Color Theorem Britney ji & sarah zheng

The four-color theorem states that any map in a plane can be colored using four-colors in such a way that regions sharing a common boundary (other than a single point) do not share the same color.

Martin Gardner wrote a popular account of what was known at the time about the four color theorem in his September 1960 Mathematical Games column in Scientific American magazine. In 1975 Gardner revisited the topic by publishing a map said to be a counter-example in his infamous April fool's hoax column of April 1975.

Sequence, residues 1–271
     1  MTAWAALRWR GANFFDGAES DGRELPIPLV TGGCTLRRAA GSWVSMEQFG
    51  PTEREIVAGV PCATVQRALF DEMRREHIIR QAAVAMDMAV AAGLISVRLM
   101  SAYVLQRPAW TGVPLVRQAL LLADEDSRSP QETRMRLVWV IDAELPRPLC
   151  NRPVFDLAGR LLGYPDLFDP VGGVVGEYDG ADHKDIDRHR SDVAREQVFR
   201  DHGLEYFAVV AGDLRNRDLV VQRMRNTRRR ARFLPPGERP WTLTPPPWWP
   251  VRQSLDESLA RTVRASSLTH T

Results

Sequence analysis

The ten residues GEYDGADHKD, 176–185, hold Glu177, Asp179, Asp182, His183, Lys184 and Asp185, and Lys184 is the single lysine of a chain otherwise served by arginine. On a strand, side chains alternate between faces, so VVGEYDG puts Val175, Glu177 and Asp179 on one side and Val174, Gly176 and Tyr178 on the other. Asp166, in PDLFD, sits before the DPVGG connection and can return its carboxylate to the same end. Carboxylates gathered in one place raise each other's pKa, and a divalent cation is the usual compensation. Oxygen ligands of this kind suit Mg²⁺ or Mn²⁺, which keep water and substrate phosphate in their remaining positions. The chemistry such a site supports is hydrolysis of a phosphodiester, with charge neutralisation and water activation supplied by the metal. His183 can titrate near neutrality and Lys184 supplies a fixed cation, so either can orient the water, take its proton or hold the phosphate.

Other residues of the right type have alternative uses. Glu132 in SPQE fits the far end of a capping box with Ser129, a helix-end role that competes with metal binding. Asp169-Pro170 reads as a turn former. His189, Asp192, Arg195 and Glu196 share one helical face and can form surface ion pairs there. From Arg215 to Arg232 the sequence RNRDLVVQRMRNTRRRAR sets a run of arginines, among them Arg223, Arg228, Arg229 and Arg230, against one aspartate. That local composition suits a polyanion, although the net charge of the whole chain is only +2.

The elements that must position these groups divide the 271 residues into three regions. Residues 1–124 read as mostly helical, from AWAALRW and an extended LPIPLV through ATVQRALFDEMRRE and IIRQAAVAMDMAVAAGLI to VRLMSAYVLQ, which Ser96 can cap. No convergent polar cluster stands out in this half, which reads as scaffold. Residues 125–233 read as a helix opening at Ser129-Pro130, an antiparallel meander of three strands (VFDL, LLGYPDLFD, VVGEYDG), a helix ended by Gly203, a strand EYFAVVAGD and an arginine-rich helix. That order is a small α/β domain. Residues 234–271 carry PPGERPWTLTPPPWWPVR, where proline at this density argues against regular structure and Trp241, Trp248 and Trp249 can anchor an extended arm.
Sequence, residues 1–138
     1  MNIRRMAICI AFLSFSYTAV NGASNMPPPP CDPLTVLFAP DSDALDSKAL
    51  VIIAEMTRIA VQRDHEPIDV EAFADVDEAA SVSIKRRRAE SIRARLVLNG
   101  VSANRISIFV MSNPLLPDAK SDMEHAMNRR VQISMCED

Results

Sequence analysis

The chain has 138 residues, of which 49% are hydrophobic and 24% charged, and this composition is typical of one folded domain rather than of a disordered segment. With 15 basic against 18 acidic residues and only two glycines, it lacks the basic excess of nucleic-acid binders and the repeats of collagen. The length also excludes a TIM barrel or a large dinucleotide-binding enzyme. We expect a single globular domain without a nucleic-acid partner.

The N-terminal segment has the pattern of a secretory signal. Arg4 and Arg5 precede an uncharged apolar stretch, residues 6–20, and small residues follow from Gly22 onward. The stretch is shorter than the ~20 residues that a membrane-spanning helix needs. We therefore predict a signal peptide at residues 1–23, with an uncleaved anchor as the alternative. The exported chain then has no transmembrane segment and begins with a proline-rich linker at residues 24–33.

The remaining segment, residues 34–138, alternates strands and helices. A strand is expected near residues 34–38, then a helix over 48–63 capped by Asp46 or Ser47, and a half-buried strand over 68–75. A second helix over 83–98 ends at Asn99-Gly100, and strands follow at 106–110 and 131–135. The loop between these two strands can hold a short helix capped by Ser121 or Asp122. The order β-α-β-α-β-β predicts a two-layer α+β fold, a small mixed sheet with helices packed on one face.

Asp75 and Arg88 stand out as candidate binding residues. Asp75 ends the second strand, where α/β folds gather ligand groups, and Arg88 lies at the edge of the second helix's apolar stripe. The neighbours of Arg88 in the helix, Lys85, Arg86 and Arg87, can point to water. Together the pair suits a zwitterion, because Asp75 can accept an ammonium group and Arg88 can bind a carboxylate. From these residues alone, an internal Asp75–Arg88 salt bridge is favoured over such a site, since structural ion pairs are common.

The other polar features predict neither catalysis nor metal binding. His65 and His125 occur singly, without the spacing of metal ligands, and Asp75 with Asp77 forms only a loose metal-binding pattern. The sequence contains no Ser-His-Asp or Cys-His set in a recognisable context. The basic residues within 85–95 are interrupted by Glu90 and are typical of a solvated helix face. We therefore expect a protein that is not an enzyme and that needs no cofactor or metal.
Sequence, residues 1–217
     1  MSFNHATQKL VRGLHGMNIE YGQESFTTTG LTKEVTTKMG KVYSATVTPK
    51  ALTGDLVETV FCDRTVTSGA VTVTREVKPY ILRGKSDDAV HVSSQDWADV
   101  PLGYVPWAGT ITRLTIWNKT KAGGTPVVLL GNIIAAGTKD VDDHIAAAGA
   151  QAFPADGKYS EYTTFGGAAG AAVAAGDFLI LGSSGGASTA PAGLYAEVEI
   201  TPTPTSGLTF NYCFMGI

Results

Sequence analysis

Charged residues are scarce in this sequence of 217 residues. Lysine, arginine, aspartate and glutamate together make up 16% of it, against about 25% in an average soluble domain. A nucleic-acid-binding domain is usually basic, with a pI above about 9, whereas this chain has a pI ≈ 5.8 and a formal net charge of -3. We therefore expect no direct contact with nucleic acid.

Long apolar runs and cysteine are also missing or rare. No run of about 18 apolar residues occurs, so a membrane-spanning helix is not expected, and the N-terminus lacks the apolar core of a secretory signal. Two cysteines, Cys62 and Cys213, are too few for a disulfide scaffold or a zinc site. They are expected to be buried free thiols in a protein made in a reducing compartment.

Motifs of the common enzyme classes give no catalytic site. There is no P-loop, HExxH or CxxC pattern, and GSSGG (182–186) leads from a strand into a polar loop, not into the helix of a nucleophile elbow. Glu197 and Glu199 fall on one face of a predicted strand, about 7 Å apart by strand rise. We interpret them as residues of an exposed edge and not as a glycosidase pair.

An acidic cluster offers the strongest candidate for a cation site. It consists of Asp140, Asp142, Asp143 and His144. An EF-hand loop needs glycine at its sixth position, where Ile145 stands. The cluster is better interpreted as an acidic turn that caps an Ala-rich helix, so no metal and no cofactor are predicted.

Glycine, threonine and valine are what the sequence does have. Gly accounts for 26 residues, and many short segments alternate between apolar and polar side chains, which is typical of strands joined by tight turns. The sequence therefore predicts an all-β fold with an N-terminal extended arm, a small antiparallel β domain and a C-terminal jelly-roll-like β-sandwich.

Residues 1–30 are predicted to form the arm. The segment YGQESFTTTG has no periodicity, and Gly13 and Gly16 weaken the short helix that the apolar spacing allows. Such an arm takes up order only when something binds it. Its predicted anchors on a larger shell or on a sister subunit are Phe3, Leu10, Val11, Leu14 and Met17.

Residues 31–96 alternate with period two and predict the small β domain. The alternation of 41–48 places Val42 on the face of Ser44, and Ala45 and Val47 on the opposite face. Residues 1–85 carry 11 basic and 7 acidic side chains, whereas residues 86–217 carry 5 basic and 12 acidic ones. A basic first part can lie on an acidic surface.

If you use 4 colors to color any kind of picture, it would not touch the same color with neighbors

I used green, red, blue, yellow. And neighbors doesn't touch the same color.

This picture used blue, green, yellow, red. It doesn't touch same colors each other

Sarah colored this picture with 4 colors and it doesn't touch neighbors

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